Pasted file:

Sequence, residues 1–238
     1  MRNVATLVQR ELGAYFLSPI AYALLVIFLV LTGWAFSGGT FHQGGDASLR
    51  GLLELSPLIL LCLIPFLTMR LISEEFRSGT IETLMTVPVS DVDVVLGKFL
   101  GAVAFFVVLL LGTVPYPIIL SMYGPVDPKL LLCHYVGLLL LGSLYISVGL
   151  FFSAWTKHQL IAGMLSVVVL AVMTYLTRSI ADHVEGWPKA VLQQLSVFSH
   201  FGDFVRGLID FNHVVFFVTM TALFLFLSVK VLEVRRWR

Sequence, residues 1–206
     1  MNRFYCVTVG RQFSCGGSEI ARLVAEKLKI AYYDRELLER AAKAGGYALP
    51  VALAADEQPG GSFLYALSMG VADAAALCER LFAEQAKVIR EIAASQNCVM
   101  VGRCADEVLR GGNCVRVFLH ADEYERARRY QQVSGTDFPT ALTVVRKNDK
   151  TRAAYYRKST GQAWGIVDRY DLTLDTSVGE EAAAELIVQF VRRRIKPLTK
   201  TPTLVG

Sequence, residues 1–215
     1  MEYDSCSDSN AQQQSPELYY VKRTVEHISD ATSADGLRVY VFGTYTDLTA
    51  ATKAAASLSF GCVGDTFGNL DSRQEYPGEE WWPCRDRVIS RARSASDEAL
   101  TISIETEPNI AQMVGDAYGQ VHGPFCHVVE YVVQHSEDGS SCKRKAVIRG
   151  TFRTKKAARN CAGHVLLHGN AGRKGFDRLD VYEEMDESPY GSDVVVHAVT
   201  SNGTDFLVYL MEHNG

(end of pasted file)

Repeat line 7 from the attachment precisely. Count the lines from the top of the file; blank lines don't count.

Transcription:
Sequence, residues 1–206